Social media, migrants and refugees: we need contextual policies to really protect their fundamental rights

Written by Francesca Trevisan

Social media platforms have the control over their users’ data and the information users are exposed to. This control is shaped by opaque algorithms informed by business models that want to maximize users’ engagement, hence revenue received. This control is also exercised with a lack of transparency, and accountability that alleviate platforms from taking responsibility for the risks they pose for users’ fundamental rights. This becomes particularly problematic when it comes to the representation of communities on which societies perpetrate systemic discrimination and violence. Against these communities, social media shape new forms of surveillance and discrimination. They reinforce stereotypes and have direct implications on how these marginalised groups are represented and treated by societies. Migrants and refugees are among those communities that are subjected to these new forms of discrimination and surveillance.

In the first Re:framing migrants report, we have analyzed how social media contributes to the misrepresentation and silencing of marginalized groups at different steps: in their content moderation, content selection and targeted advertisement procedures. We have also explored how migrants and refugees are depicted under a negative light, stereotyped and subjected to social media surveillance, hate speech and disinformation which reduce the complexities of their stories and dehumanise them. These issues are not effectively addressed by social media platforms and they must be taken seriously as they violate fundamental rights such as the right to human dignity, privacy and non-discrimination. The recently approved Digital service act wants to address some of these concerns. For example Article 26 provides that very large platforms -platforms with more than 45 millions monthly average online users- should identify, analyse and assess any negative effects for the exercise of fundamental rights. The challenge is that the violation of fundamental rights on these online platforms hits harder on very specific communities, with specific issues and consequences.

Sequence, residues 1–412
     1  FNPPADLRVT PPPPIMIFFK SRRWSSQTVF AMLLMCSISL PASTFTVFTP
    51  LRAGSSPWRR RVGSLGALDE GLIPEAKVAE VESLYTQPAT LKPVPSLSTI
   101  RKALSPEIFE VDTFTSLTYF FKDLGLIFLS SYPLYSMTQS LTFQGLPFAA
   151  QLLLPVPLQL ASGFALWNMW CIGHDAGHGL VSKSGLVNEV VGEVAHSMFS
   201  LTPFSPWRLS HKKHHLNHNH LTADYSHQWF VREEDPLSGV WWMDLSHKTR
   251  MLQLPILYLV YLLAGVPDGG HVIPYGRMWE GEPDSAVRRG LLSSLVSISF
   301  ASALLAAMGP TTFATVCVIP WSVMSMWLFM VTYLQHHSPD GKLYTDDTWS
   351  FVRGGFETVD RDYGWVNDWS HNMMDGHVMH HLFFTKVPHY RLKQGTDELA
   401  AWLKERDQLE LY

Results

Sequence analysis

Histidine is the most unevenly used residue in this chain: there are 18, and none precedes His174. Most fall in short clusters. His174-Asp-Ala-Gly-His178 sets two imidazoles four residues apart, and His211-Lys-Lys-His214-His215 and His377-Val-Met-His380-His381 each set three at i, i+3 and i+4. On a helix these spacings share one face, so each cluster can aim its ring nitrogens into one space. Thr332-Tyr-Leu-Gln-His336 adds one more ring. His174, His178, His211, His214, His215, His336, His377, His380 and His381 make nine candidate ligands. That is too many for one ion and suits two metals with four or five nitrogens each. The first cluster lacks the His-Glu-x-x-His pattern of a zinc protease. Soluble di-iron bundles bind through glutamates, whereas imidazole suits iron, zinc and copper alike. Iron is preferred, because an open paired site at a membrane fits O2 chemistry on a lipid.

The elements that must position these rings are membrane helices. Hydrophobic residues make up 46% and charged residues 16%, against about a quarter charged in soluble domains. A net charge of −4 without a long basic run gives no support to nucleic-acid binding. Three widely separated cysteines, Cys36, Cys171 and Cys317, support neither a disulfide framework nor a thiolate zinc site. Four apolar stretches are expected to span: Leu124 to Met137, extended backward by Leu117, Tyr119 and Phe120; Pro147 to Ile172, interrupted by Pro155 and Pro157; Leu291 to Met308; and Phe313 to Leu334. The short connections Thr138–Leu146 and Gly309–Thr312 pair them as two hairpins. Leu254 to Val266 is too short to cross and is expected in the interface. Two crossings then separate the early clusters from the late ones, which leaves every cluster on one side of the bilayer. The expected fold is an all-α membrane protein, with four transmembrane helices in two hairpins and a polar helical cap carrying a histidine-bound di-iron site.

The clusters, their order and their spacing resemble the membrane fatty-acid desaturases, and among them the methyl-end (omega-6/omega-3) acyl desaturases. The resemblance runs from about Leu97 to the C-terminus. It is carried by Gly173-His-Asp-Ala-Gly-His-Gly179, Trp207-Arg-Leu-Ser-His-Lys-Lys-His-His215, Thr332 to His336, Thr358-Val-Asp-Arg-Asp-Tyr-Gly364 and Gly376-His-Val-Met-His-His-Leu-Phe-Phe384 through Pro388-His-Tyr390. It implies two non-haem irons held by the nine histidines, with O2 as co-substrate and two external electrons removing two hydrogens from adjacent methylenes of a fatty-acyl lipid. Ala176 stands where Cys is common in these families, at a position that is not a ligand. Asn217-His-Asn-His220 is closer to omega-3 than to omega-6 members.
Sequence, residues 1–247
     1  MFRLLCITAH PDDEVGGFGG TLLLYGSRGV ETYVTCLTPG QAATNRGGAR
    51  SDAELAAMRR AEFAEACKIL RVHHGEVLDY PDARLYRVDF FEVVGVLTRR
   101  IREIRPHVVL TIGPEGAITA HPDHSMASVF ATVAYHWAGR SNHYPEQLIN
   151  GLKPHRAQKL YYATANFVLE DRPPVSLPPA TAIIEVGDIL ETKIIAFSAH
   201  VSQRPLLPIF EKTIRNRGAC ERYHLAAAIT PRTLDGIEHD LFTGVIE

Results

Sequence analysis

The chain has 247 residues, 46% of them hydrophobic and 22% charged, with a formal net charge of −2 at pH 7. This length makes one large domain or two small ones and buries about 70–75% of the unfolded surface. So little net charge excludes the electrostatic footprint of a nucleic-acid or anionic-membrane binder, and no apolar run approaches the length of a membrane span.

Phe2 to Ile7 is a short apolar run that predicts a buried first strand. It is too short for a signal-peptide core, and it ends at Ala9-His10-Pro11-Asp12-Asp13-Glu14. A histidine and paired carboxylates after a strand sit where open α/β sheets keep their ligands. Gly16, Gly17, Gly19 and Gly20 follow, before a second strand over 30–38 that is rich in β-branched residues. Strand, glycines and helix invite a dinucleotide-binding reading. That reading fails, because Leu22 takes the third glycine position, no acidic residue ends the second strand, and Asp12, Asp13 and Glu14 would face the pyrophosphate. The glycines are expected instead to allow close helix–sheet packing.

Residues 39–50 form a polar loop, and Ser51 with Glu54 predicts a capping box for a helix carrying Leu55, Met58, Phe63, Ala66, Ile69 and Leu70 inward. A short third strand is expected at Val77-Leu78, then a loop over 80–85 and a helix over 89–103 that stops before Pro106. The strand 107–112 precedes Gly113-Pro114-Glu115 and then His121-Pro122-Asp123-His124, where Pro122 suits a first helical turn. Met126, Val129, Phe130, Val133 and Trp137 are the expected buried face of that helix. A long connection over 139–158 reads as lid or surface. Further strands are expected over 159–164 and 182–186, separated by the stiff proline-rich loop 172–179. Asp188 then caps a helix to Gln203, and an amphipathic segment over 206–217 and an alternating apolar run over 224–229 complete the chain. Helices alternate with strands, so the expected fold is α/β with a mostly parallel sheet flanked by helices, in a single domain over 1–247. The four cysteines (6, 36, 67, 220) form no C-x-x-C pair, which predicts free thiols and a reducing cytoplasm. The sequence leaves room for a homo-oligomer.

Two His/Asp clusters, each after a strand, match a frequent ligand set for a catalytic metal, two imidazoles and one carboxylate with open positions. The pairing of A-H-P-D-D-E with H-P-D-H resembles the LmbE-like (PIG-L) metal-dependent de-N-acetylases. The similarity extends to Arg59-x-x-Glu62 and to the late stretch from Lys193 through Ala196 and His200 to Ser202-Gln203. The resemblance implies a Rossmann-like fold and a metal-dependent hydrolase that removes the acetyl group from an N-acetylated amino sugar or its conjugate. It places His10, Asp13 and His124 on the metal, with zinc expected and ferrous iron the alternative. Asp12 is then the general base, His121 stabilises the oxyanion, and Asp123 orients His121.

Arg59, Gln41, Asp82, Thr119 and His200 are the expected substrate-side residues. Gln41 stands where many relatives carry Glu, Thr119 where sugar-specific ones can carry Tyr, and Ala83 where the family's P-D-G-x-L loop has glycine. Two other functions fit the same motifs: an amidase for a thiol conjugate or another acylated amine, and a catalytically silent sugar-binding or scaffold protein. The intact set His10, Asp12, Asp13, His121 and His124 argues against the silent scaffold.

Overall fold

ETICAS Research and Consulting works to align technology with human rights. It was created in 2012 with the aim of working on the impact of social, ethical and legal aspects of security policies, innovations and tech developments. Our contribution focuses on the analysis of contextual factors that can and should guide tech development. teams up with organisations to identify black box algorithmic vulnerabilities and retains AI-powered technology with better source data and content.

Francesca is a researcher at Eticas where she explores how society deals with artificial intelligence and tech innovation. She has a PhD in social psychology, and she likes to apply critical theories to flag injustice and undo the power structure. She is interested in inequality, education, tech and human rights.